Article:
Knowing some of the Dutch grammar will help you understand how the language is build up, and it will also help you to understand the
basic phrases better. The Dutch grammar guide presented at LanguageTrav.com should in no way be considered as complete, and if you would
like to acquire an in-depth understanding we recomment you to purchase books or DVDs for further learning.
The good news is that especially when you are traveling to The Netherlands, virtually everyone will speak English as a second language.
However, it is a polite gesture to ask first.
In Dutch, the future tense is expressed by using the construction
gaan (to go) + infinitive for actions which will take place
in the near (or immediate) future, and zullen (to shall, will) +
infinitive for actions which will take place in the not so near
future or when the time of the future action is unknown. In such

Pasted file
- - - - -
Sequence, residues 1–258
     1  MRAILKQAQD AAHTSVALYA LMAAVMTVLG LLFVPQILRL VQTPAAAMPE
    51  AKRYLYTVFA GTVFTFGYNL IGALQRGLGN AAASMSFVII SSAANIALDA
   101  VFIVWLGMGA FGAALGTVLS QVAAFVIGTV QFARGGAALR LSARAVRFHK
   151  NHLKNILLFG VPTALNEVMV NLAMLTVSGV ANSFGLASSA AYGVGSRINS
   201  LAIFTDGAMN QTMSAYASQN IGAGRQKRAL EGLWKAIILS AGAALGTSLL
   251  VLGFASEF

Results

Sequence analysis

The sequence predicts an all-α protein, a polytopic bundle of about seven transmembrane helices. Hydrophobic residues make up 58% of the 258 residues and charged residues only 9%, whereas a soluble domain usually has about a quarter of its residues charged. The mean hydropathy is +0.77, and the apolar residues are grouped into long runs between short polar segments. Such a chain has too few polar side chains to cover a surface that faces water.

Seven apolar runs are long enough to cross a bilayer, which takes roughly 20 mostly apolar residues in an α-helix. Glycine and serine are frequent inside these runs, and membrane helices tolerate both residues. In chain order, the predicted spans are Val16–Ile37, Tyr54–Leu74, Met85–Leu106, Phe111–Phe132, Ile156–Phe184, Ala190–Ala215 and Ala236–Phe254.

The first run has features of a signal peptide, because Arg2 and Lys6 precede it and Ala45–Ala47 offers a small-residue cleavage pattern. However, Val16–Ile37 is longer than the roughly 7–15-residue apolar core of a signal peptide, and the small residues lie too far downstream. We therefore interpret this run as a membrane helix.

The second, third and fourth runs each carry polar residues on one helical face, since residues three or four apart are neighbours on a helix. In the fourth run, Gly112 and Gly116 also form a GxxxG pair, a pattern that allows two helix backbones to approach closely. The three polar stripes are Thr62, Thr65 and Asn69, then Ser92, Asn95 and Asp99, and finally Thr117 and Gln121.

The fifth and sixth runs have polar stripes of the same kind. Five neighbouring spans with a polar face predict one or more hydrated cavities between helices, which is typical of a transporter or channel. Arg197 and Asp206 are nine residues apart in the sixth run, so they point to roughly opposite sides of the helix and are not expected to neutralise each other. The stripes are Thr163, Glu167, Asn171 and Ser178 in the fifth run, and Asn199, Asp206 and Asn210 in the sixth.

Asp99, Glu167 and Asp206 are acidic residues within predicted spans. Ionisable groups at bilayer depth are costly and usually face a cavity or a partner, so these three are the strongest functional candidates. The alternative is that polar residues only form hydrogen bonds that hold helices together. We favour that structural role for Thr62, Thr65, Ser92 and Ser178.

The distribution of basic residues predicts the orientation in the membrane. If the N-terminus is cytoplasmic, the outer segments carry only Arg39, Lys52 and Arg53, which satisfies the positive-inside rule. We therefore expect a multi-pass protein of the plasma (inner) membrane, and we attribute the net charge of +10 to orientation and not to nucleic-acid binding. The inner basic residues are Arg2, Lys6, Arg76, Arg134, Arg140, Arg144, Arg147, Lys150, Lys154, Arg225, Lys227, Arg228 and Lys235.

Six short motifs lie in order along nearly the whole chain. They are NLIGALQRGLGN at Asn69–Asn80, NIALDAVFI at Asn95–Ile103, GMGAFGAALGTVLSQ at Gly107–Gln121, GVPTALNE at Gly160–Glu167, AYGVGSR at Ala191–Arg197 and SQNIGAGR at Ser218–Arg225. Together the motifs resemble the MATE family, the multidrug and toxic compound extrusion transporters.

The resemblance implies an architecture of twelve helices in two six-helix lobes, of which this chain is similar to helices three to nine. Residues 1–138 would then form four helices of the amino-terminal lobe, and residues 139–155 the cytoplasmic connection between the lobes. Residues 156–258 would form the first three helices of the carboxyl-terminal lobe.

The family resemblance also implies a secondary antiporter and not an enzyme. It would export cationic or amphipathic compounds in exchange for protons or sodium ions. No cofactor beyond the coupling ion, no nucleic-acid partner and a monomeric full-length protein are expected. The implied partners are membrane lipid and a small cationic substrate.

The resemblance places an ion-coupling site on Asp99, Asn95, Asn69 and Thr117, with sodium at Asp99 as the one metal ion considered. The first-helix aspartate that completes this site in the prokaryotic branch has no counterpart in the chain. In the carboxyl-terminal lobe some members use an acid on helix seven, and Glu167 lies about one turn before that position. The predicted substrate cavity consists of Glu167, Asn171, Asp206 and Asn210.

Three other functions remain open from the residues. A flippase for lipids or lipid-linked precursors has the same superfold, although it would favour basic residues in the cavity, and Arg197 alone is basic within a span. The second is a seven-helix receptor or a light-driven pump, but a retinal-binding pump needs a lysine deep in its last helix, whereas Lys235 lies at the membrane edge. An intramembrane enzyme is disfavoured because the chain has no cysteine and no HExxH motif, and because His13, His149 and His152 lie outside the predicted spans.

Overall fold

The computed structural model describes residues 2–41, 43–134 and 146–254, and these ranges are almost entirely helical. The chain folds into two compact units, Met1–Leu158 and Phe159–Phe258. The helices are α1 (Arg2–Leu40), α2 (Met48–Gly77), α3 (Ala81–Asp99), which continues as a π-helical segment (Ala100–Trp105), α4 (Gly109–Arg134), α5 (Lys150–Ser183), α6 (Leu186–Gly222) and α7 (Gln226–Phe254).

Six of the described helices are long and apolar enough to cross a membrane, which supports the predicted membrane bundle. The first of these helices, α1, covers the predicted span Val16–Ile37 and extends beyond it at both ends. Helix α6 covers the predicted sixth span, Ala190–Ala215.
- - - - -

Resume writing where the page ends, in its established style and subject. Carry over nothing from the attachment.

constructions, the verbs gaan and zullen are used in the
simple present tense. The conjugations for the two irregular verbs are
gaan (to go)
zullen (shall, will)
I am going.
You are going.
He/She/It is going.
We are going.
You are going.
They are going.
In the second person singular of the verb zullen, there are two
alternatives which might be used. There is no specific rule as to which
form should be used. It largely depends on personal preference. Some
examples of the future tense:
Future tense with 'gaan':
Ik ga koken. = I am going to cook.
Hij gaat een beetje lezen. = He is going to read a littlebit.
Wij gaan studeren. = We are going to study.
Jullie gaan sluiten. = You are going to close.
We gaan morgen vroeg vertrekken. = We are going to leave early
Future tense with 'zullen':
Ik zal je opbellen = I will call you.
Hij zal deze ervaring niet vergeten. = He will not forget this
Wij zullen voor het examen goed studeren. = We will study well
for the exam.
De volgende keer zal ik beter oppassen. = Next time I will take